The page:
CORY DOCTOROW, OF Boing Boing and Electronic Frontier Foundation (EFF) farne, has returned to adult fiction after a long stint in the young adult hinterlands (Little Brother, Homeland). His new novel, Walkaway (Tor), circles back to the theme of his first novel, 2003's Down and Out in the Magic Kingdom: the question of what a post-scarcity world might look like. A fascinating cadre of John Galt-style opters-out form the core of the new novel, but the story is concept-driven, not character-driven.
As usual, Doctorow's politics permeate his writing. And, as usual, they're just heterodox enough to provide moments of delightful confirmation bias and squirm-inducing challenge for readers of nearly every ideological stripe.
Doctorow, a civil libertarian who identifies with the political left, has staked out a broad and eccentric territory for his fiction and nonfiction beats, covering topics from privacy to drones to Digital Rights Management (DRM) to open-source software creation.
The Walkaway audiobook is a particular delight, featuring guest appearances from a ramshackle celebrity cast, including Amber Benson, Justine Eyre, Amanda Palmer, and Wil Wheaton. All versions of the novel are free from distribution-restricting DRM protections. The downside is that standard providers like Audible won't carry it.
When Doctorow stopped by Reason's D.C. office in April, he handed out credit card-shaped USB drives loaded with the audiobook on his way out the door. Hardcover review copies also shipped with a similarly sized multitool. These little flourishes bring readers a few inches closer to Doctorow's subversive worldview, where it's always possible, even admirable, to thumb your nose at the rules imposed by governments, tech companies, and just about everyone else.
Reason: Lot 's talk about the word dystopia. It's a word no one knew 10 years ago and now everyone says all the time about pretty much every novel ever. Is this a dystopia in Walkaway, or a utopia?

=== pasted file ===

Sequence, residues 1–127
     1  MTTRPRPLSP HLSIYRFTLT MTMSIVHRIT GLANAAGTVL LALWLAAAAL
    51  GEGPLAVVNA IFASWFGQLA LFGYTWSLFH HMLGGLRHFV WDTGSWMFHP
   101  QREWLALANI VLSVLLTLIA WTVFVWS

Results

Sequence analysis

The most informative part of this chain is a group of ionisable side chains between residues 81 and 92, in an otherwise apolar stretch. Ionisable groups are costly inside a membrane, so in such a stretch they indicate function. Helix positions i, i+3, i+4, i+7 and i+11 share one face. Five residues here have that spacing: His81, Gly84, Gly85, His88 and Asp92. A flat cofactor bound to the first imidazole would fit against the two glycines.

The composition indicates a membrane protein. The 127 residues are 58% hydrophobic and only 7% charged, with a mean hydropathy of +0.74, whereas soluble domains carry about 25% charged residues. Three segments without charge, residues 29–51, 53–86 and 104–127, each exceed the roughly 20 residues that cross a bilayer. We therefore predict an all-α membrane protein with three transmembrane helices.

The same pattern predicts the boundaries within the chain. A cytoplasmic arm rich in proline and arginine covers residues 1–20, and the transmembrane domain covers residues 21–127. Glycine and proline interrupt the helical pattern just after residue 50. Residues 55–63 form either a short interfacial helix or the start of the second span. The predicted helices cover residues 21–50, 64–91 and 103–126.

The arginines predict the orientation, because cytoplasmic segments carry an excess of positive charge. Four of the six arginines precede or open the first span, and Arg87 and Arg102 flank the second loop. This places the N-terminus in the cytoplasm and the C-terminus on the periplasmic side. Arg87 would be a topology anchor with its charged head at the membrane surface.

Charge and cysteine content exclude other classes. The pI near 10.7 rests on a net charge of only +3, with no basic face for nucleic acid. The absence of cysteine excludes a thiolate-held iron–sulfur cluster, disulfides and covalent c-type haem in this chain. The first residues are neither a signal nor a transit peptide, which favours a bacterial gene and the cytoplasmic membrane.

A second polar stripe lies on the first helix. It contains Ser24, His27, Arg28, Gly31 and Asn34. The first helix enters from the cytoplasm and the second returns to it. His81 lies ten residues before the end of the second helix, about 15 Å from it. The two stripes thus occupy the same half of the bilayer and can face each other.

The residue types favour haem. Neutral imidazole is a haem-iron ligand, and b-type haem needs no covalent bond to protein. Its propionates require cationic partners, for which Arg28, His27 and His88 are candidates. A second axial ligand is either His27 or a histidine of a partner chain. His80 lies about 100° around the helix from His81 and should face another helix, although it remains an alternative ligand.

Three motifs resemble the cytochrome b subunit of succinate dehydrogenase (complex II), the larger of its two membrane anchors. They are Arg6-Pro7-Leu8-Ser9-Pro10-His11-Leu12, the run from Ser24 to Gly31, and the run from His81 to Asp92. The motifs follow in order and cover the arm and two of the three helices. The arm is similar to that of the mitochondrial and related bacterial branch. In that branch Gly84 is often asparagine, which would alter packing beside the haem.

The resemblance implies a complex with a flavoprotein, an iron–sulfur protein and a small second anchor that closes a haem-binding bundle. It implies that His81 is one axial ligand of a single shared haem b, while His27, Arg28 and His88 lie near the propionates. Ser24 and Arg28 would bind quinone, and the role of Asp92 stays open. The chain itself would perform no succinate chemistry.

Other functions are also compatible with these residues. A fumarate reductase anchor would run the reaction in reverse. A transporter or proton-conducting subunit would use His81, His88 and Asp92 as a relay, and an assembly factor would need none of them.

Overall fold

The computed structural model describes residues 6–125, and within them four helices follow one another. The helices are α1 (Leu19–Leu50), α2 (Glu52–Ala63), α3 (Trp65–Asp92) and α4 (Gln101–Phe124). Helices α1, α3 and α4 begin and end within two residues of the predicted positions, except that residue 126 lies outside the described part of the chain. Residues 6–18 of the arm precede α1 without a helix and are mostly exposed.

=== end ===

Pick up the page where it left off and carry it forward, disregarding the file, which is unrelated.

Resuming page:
Doctorow: I think that we mistake the furniture for the theme. We tend to think of books in which things are in crisis as being dystopian novels. But really it's a very hard job to write a dramatic novel--especially in the kind of pulpy science fiction tradition--in which things aren't going wrong. So for me, the thing that cleaves a utopia from a dystopia is what [essayist and critic] Rebecca Solnit says cleaves a disaster from a catas-trophe: It's what we do when things go wrong. Do people pitch in and rise to the occasion? Or do they turn on their neighbors and eat them? That's the dystopian vision. The most dystopian thing you can imagine is that, but for the thin veneer of civilization, it would be a bloodbath.
Is Walkaway a prequel to Down And Out in the Magic Kingdom? It seems like a similar universe. Has the political take-away that you would want people to get out of those two books shifted, either because your views have changed or because facts on the ground have changed?
I think science fiction is not predictive in any meaningful way.
It's certainly not great at it.
We're Texas marksmen: We fire the shotgun into the side of the barn and draw the target around the place where the pellets hit. We just ignore all those stories that never came true.
But I also think that prediction is way overrated. I like what Dante did to the fortune tellers. He put them in a pit of molten shit up to their nipples with their heads twisted around backwards, weeping into their own ass cracks for having pretended that the future was knowable. If the future is knowable then it's inevitable. And if it's inevitable, why are we even bothering? Why get out of bed if the future is going to happen no matter what we do? Except I guess you're foreordained to.
I'm not a fatalist. The reason I'm an activist is because I think that the future, at least in part, is up for grabs. I think that there are great forces that produce some outcomes that are deterministic or semi-deterministic. And there are other elements that are up for grabs.
What science fiction does is not predictive, but it is sometimes diagnostic. Because across all the science fiction that has been written and is being written, and all the stuff that's being greenlit by editors or has been greenlit by editors, and all the stuff that readers can find and raise up or ignore--there's a kind of natural selection at work. The stuff that resonates with our aspirations and fears about technology and our futures, that stuff gets buoyed by market forces, by the marketplace of ideas, and becomes a really excellent tool for knowing what's in the minds of the world.
So the book itself, considered on its own, is a good way to know what's in the mind of the writer. The books that succeed tell you what's in the mind of the world. And if there's a lot of this stuff coming to a prominence at this moment, I think it does say something about the moment that we live in, that there's a certain amount of pessimism. There's a fear that we are being stampeded towards a mutually distrustful, internally divided future where we end up attacking each other rather than pulling together. I think even the most cynical person...